Conflicts & War

Hundreds march in El Salvador on May Day

San Salvador, May 1 (EFE).- Hundreds of workers in El Salvador mobilized on Monday for International Workers’ Day and marched to demand an increase in the minimum wage to “be able to deal with the high cost of living” and expressed their opposition to the potential reelection of President Nayib Bukele.

Participating in the march were workers and union members, who set out from Cuscatlan Stadium in the capital, joined by relatives of people arrested during the so-called regime of exception, members of the Salvadoran LGBTI Federation and women from various organizations.

The demonstrators called on Salvadoran authorities “once again to review” the minimum wage, which currently stands at $365 per month, with an eye toward implementing an increase so that “workers (may be permitted) to buy the products in the basic basket (of goods) and other necessities.”

The head of the Salvadoran Union Front, Wilfredo Berrios, told EFE that “to keep up with the high cost of living and to somewhat alleviate the situation at least $600 (per month) is necessary.”

The price of the basic food basket in El Salvador rose approximately 12.9 percent in the urban areas and 15.18 percent in the rural areas in January compared to the same month last year, according to revised government figures.

Central Reserve Bank (BCR) figures show that the basic food basket in the rural zones stood at $185.26 in January, whereas in January 2022 it was $157.13.

Meanwhile, the basket of food consumed by the average Salvadoran family in the urban areas cost $245.02 in January 2023, up from $213.43 in January 2022.

Berrios also complained that El Salvador “is going through injustices and reversals that have occurred during the presidential term of Mr. Bukele.”

He said that “Currently, there is political persecution for anyone who isn’t in agreement with (the president’s) authoritarian, dictatorial thinking,” adding that “there’s no freedom of expression.”

Salvadorans also expressed their opposition to Bukele’s reelection, given that he will seek a second term in 2024.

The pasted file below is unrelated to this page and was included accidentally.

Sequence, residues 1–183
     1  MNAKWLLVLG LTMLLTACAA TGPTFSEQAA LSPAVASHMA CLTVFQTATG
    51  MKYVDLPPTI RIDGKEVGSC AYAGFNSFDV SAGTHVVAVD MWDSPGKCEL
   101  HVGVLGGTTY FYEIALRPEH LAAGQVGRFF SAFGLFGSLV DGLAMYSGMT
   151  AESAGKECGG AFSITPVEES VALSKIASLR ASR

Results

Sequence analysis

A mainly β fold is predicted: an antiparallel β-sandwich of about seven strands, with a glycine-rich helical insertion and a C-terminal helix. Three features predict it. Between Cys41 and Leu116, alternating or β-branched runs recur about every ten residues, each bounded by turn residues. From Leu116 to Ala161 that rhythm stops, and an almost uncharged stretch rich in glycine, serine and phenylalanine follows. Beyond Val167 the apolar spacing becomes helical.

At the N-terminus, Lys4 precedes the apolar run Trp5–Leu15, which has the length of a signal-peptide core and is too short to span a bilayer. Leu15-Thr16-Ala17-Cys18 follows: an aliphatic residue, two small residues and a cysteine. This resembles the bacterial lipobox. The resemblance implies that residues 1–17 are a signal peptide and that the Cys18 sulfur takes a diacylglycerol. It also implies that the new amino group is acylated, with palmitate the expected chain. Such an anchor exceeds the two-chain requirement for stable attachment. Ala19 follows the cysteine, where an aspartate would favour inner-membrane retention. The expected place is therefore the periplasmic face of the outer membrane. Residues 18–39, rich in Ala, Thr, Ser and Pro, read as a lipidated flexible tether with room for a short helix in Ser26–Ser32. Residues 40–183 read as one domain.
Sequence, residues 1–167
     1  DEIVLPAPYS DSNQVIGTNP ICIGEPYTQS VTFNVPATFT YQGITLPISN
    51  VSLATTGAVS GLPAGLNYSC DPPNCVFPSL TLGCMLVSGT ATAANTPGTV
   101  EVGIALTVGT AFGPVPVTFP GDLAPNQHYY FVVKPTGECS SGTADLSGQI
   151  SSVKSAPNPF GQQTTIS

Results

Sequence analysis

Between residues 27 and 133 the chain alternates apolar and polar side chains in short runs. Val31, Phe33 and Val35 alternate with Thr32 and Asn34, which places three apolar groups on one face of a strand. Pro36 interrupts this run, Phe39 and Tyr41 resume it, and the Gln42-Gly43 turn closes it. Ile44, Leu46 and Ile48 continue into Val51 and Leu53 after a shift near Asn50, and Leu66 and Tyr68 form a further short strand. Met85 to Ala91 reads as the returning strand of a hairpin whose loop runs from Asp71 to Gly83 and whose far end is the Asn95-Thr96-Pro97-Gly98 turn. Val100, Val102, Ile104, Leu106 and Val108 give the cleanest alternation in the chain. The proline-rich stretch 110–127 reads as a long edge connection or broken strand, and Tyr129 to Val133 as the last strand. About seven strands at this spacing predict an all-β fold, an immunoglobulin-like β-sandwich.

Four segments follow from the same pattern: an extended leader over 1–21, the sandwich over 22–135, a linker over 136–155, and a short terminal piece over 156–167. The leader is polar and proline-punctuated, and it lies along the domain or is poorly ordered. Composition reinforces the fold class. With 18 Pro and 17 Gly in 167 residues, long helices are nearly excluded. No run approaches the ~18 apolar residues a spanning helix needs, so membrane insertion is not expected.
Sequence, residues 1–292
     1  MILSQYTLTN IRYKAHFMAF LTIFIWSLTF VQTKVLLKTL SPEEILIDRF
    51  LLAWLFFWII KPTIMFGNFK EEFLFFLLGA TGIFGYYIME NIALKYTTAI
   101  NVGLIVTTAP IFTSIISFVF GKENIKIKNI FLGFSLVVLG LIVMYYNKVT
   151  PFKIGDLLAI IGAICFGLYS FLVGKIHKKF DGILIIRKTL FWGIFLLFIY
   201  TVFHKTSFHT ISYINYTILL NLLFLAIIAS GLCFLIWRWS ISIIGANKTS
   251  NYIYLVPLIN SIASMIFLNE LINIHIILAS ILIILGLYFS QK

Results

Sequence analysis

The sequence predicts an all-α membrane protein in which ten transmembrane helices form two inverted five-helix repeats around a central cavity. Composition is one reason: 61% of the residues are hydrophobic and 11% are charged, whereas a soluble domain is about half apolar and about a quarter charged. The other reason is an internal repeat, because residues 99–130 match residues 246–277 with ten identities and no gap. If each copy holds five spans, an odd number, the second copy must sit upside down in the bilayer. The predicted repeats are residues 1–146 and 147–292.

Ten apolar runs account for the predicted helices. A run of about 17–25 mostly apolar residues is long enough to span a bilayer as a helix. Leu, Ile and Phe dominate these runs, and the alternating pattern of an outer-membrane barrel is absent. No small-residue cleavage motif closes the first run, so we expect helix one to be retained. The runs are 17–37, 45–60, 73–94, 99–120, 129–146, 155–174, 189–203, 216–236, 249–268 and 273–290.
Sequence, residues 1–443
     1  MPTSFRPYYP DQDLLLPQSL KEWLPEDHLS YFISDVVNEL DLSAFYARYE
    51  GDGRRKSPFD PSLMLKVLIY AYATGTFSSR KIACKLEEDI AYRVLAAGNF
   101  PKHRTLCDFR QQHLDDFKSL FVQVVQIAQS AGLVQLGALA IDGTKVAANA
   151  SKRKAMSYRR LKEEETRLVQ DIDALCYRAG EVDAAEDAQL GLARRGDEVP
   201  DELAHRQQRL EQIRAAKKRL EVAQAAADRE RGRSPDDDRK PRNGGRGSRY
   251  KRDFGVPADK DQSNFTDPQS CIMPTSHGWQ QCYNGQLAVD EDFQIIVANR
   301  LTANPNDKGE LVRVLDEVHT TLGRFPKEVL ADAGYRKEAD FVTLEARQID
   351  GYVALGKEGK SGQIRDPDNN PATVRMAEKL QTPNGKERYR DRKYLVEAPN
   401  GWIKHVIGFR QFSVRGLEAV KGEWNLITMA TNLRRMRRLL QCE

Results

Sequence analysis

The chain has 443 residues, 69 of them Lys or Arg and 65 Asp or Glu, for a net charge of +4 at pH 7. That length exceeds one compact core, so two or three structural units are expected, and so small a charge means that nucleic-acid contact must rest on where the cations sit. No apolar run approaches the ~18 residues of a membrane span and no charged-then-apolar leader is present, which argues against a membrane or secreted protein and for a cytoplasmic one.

“We’re also saying no to the reelection because it’s unconstitutional,” Berrios added.

The possibility that Bukele will be reelected for a second term next year arose last September, when the Constitutional Chamber of the Salvadoran Supreme Court (CSJ) modified a provision of electoral law in a very controversial ruling.

According to the prior wording of the rule, whoever serves as president must wait 10 years after his or her mandate ends to be able to run for reelection.

The march concluded in San Salvador’s historic quarter without any reported incidents.

Early on Monday, the social networks were buzzing with denunciations of “blockades” being imposed by security forces on people coming from different parts of the country to take part in the march.

The “blockades,” according to the complaints, were being implemented by the National Civil Police, who had set up traffic checkpoints in various areas.

Meanwhile, the Foundation for Studies for the Application of Law (Fespad) denounced the arrest of at least 20 union members, some of them taken into custody during the regime of exception put in place in El Salvador to “combat” gangs.

Fespad said in a statement, issued for International Workers’ Day, that in El Salvador “the criminalization of social protest (and) the repression of unions and their leaders have increased.”

The NGO said that it is “alarming that at least … 20 union people are under arrest or being processed by the courts for demanding their labor rights, such as payment of back salaries and other social benefits.”

“It is important to emphasize that many of these arbitrary (arrests) have come within the framework of the regime of exception and crimes they have not committed have been attributed to union leaders, which also … (is) a violation of their basic rights,” the human rights organization founded more than 30 years ago said.

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